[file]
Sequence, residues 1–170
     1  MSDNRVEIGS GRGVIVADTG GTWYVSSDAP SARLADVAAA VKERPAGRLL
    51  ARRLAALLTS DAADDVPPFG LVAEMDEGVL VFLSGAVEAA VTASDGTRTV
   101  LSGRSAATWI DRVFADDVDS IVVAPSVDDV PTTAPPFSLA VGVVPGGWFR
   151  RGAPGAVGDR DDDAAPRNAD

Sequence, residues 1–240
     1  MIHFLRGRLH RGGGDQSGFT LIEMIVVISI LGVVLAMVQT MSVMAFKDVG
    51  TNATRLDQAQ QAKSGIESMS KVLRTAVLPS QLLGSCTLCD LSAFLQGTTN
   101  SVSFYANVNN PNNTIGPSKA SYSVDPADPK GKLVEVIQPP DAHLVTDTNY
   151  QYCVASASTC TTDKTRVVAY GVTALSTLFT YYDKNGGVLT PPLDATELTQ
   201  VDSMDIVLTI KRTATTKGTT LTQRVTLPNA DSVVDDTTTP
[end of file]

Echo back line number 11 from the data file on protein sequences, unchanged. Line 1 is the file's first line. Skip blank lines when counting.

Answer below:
   201  VDSMDIVLTI KRTATTKGTT LTQRVTLPNA DSVVDDTTTP